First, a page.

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PHARMACIST INDICTED IN FAKE NURSING HOME SCAM

Because he was listed as the owner of a 4,100-bed nursing home, Jamestown pharmacist Anthony T. Rizzo was allowed to purchase millions of dollars worth of prescription drugs at huge discounts.

But there was a problem, federal prosecutors said: Rizzo didn't own the nursing home.

In fact, there was no such nursing home.

The 52-year-old Jamestown man was indicted Friday on federal charges of wire fraud, mail fraud, health-care fraud, conspiracy and money laundering after a lengthy investigation coordinated by the U.S. attorney's office. Assisting in the probe were the U.S. Food & Drug Administration, FBI, U.S. Postal Inspection Service, Internal Revenue Service Criminal Division and Jamestown Police.

Interim U.S. Attorney Denise E. O'Donnell said the alleged "phantom nursing home scheme" allowed Rizzo to join a buyers' group called the Managed Healthcare Associates Inc. and get 60 percent discounts on a variety of drug purchases.

"The indictment charges that he got a 60 percent discount on $3 million worth of drugs, which he then sold to his customers at a profit," Prosecutor John E. Rogowski said.

"The buyers' group he was allowed to join was set aside for hospitals, nursing homes and other institutions. They were only supposed to use their drugs for treatment of their own patients. It was not a program for pharmacies that retail drugs."

The indictment also charges Rizzo, owner of Union Pharmacy at 83 Allen St., Jamestown, with using another scheme to bilk four Jamestown employers and Blue Cross & Blue Shield out of $117,000 from employee health-care programs.

He is accused of obtaining the names and medical information of people who worked in Jamestown and then using those names to submit false billings to health-care programs for prescriptions that were never ordered.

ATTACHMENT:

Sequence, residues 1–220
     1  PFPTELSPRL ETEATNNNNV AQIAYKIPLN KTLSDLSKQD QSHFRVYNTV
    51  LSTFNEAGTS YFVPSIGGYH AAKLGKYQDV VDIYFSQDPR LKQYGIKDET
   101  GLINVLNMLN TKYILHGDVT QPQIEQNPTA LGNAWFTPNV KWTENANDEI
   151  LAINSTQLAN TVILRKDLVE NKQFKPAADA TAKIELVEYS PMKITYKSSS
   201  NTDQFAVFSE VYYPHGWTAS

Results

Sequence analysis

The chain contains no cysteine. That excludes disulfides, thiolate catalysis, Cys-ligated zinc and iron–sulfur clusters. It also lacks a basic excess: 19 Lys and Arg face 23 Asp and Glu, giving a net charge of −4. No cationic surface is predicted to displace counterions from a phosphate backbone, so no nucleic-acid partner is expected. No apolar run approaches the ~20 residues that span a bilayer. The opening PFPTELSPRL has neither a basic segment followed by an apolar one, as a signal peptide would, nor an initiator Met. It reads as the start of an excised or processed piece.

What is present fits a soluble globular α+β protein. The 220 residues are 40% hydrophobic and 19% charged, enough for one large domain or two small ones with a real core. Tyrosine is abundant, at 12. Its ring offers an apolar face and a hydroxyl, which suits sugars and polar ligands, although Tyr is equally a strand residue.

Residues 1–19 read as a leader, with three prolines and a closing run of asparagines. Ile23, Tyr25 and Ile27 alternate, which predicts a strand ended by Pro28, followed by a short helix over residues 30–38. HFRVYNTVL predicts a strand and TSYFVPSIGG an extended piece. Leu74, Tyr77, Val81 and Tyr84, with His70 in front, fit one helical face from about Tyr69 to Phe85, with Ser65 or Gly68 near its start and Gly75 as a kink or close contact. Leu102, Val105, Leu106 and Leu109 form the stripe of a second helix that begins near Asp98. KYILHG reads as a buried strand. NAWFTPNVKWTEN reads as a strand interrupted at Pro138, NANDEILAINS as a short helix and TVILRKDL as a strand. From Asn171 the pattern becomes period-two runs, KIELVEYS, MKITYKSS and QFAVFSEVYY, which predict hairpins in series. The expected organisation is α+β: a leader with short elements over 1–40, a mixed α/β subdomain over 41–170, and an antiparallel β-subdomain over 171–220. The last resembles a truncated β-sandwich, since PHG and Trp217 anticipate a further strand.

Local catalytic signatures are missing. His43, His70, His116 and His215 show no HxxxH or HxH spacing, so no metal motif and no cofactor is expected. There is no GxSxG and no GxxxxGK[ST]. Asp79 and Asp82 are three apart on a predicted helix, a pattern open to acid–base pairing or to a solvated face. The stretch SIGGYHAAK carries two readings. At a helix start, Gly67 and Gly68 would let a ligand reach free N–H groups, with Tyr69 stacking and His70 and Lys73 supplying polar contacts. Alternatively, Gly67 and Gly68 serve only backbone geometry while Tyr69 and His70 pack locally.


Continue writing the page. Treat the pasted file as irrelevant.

"He would get people to come in to his pharmacy and purchase a prescription. Then he would submit their names and make billings for other prescriptions that were not ordered," Rogowski said, quoting court papers. "There were about 50 employees involved, and some of the bogus prescriptions were over $300 for one order."

The 50 people worked for the City of Jamestown, the Jamestown Board of Public Utilities, Crawford Furniture and Hope's Architectural Products.

"Some of these people never once set foot in his pharmacy," Rogowski said.

Rizzo, who also faces fraud allegations that were filed against him in August by the state Attorney General's Medicaid Fraud Bureau, declined to discuss the latest charges.

His attorney, Lawrence Hochheiser of New York City, said he had not yet seen the indictment.

In the state case, he is accused of defrauding the state Medicaid system out of $2 million and the EPIC (Elderly Pharmaceutical Insurance Coverage) program out of $65,000 by submitting 8,000 phony prescriptions for reimbursement.

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